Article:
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As an 18-month feasibility study for an east-west rail line to connect Boston and Pittsfield comes to a close, state and federal lawmakers remain optimistic about securing funding for a project they say would bring transportation and economic development to western Massachusetts, despite continued concerns over too-high costs and too-low ridership estimates calculated by the state.
Consultants for the Massachusetts Department of Transportation have estimated costs for the project to range from $2.4 to $4.6 billion with ridership reaching 278,000 to 469,000 boardings annually. As it stands, the rail project is 10% below the threshold needed to be competitive for federal funding, based on the cost-benefit analysis conducted as part of the study.
As a leading advocate for east-west rail, state Sen. Eric Lesser, D-Longmeadow, has been vocal in his disapproval of the state’s low ridership calculations.
“It frankly raises a question of how serious MassDOT is about this in the first place,” Lesser said. “Are they studying this to death to strangle it before it even gets off the ground, or are they looking at this from the perspective of ‘What do we have to do to make it happen? What do we have to do to make the project possible?’”
In an Oct. 21 meeting, Ethan Britland, MassDOT’s project manager for the feasibility study, recommended that more analysis of the potential economic and community benefits of the passenger rail be done before moving forward.
Lesser said the report’s failure to include potential increased demand in its ridership estimates overlooks a key aspect of east-west rail.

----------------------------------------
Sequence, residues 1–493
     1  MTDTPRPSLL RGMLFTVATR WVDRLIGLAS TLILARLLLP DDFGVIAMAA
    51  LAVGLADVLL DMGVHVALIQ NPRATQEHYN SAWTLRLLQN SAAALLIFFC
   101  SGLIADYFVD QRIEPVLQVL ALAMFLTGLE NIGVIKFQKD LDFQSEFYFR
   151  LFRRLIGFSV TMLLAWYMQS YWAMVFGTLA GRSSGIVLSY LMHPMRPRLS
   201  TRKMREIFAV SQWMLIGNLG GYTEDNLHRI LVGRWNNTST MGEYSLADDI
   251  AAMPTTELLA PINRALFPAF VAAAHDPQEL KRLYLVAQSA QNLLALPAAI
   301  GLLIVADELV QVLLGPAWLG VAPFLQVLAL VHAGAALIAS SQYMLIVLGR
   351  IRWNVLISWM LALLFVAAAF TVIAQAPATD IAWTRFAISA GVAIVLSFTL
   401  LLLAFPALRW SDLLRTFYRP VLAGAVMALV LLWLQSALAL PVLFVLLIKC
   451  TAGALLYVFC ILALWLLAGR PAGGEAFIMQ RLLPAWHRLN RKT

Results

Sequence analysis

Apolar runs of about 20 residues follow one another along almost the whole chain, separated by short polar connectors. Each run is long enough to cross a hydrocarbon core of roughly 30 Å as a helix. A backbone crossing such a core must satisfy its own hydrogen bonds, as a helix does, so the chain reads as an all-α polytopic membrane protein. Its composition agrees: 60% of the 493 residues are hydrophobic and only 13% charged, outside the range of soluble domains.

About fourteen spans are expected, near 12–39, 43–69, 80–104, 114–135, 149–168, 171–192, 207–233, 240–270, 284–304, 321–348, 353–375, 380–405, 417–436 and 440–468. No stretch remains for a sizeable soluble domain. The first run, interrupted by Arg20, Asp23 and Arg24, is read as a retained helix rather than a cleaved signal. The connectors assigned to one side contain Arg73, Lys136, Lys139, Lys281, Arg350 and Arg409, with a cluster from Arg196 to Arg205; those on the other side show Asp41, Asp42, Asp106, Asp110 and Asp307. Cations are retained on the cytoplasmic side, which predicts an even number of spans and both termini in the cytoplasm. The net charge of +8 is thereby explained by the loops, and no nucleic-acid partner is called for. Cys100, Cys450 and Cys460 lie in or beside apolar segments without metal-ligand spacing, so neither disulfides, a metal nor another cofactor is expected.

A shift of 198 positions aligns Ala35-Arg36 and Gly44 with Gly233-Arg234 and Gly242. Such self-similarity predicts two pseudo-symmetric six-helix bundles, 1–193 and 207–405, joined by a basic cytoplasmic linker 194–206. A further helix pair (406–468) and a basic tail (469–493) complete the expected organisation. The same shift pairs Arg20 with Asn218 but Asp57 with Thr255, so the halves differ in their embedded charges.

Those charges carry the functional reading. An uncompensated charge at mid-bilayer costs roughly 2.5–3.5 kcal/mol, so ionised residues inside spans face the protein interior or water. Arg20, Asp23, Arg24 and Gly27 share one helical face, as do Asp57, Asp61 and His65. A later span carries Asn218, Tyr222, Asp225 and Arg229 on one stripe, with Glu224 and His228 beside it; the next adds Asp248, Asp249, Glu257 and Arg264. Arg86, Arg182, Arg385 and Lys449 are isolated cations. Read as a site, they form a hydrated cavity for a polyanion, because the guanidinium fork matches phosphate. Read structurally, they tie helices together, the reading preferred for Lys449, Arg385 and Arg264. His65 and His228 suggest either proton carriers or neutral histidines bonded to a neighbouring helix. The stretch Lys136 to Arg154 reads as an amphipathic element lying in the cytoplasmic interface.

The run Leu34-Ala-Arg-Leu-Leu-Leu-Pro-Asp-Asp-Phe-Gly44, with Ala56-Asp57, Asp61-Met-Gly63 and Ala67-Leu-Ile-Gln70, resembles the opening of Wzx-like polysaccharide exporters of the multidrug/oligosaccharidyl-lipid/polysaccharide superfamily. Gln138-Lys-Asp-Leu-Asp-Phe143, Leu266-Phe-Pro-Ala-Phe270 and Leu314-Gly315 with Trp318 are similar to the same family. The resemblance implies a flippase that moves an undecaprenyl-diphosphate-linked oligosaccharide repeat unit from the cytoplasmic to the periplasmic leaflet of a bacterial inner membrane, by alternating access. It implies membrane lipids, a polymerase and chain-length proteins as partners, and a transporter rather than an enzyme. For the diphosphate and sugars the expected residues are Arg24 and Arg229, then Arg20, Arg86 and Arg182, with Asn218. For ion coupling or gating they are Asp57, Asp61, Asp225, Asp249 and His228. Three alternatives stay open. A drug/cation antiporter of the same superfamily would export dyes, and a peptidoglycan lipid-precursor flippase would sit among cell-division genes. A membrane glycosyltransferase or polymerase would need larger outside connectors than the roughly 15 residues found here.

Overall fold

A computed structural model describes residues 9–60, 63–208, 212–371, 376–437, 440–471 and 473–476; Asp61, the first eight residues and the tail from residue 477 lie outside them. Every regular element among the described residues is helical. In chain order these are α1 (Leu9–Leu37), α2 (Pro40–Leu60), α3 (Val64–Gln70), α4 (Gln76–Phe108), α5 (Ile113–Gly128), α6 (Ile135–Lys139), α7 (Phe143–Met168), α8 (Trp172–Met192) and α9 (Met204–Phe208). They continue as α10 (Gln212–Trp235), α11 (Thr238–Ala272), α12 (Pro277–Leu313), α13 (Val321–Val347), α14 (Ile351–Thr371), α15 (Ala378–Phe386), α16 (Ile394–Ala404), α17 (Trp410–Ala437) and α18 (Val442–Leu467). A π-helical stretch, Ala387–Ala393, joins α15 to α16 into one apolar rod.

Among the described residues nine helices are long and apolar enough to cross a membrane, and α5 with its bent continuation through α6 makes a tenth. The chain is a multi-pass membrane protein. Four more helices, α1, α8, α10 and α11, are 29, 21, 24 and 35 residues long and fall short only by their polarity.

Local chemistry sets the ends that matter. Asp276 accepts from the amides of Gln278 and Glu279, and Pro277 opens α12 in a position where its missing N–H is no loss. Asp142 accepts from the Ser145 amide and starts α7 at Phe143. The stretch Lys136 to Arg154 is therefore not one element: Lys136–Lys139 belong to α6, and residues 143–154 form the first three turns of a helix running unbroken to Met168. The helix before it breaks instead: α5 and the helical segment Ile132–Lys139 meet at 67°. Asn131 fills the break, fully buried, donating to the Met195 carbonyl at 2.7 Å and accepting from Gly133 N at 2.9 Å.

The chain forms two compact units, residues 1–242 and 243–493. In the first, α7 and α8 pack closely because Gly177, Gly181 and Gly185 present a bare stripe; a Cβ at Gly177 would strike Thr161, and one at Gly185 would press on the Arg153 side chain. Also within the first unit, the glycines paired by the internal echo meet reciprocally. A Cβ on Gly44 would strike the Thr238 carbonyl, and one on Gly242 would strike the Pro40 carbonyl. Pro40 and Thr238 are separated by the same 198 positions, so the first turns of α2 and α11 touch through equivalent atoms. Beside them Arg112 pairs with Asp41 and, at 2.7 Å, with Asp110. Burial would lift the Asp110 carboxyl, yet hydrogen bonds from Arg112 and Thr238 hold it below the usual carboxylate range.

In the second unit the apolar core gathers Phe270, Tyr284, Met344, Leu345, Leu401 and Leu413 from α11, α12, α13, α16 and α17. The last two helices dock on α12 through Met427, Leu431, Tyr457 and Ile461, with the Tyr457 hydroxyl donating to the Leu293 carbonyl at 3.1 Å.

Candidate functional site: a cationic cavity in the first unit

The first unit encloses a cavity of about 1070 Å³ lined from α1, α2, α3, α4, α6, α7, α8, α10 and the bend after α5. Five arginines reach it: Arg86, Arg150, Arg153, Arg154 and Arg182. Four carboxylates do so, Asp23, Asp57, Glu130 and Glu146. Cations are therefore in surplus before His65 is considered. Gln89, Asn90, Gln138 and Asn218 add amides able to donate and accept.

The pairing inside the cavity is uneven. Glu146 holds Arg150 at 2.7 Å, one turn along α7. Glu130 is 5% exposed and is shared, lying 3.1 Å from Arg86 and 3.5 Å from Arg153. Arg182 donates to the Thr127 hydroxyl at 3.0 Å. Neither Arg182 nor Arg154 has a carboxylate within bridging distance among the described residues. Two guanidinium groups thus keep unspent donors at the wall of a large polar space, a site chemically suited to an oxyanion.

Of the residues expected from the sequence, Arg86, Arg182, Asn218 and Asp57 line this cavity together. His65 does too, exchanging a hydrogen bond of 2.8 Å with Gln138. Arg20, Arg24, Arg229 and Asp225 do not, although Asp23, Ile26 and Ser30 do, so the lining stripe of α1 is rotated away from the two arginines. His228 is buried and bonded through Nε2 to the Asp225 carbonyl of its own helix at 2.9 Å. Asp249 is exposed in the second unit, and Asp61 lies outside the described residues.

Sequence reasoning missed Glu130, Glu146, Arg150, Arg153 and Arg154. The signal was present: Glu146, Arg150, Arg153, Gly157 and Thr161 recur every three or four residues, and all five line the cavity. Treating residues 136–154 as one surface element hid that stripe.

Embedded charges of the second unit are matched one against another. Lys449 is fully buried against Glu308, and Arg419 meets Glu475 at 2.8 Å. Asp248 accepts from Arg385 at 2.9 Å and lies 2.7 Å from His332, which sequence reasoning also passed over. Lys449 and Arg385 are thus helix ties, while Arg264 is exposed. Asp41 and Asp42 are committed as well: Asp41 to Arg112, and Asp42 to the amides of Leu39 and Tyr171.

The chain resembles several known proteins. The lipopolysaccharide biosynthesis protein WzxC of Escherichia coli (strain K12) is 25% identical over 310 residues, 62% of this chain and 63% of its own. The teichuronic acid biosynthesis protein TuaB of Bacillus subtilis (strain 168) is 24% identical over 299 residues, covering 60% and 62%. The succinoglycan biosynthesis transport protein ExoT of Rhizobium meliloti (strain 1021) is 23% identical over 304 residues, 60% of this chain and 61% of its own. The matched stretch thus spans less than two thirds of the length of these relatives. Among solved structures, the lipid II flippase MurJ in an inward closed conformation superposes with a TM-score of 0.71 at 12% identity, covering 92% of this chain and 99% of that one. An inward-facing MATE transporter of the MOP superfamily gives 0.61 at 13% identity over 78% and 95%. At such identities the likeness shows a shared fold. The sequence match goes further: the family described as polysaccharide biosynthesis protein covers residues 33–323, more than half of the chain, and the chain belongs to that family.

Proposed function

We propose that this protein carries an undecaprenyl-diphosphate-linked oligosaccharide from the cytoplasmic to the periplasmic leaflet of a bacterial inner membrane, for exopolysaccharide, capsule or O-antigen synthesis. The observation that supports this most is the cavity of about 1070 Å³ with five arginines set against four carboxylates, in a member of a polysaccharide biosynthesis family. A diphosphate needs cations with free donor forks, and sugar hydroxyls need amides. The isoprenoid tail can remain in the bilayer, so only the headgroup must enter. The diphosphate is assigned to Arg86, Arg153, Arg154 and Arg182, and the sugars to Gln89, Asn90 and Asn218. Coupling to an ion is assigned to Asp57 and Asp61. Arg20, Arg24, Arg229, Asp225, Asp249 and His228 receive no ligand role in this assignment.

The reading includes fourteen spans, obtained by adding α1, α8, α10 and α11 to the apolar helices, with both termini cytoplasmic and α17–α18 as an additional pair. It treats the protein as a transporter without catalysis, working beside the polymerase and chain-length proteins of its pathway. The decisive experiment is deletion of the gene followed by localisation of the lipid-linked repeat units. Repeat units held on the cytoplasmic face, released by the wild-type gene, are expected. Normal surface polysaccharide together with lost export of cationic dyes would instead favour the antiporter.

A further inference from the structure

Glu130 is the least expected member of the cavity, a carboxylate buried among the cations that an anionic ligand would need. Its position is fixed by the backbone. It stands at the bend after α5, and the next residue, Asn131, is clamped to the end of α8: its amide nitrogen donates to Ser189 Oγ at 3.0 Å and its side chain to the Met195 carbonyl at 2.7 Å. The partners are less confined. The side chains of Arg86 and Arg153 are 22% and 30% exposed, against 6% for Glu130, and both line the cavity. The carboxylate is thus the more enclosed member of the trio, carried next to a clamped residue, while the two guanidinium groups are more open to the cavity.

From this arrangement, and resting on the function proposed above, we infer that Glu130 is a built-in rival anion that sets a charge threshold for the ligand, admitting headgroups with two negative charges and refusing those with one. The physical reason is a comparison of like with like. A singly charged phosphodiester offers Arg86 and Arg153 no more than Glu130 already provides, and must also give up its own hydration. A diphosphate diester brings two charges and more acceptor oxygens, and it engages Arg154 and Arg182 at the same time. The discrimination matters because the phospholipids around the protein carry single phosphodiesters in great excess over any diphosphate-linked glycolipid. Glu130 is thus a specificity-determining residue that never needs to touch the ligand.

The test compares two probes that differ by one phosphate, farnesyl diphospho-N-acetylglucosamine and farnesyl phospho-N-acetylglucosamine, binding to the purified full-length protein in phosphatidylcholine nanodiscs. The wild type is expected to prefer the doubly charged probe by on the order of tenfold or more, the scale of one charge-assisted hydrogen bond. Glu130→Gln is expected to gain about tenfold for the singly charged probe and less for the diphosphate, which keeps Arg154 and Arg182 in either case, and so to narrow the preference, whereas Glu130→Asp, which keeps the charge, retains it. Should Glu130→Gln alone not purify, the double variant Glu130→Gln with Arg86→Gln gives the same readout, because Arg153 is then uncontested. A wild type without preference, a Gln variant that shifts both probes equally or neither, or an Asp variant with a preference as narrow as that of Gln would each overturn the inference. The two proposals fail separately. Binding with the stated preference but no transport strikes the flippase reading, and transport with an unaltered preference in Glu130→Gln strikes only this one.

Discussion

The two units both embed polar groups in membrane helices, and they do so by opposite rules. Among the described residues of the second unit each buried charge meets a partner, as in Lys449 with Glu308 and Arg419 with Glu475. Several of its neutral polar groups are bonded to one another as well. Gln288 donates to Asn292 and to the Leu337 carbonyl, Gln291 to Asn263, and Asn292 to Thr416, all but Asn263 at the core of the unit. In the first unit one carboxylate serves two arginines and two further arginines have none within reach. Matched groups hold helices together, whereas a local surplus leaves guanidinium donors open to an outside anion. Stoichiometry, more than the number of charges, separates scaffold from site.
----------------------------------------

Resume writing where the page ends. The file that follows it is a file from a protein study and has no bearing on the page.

“The point of this project is not to lock in patterns of life that already exist,” Lesser said. “The point of this project is to change those patterns and that development. It’s to bring new people to western Mass., to bring new businesses to western Mass. and to eastern Mass., to bring new development, new denser housing that’s walkable and more environmentally sustainable.”
Without a serious commitment from the state and from Gov. Charlie Baker, the project could easily fizzle out despite having support on all other fronts, according to Lesser. Earlier this year, Transportation Secretary Stephanie Pollack expressed skepticism the project could be built without federal funding, even with sharply higher ridership estimates.
“We could see a window pass us – of having a recovery bill, having an infrastructure package approved, having our federal delegation pushing it very hard, having a president that’s supportive, but the missing piece is our own state’s Department of Transportation,” Lesser said. “We need more energy, we need more enthusiasm from (Baker).”
That’s a point stressed by U.S. House Ways and Means Chairman Richard Neal, the Springfield Democrat who chairs a congressional committee that controls federal purse strings.
Neal said he will not advocate for more funding for the Massachusetts Bay Transportation Authority until he sees greater support for east-west rail in the State House.
This article first appeared on www.gazettenet.com
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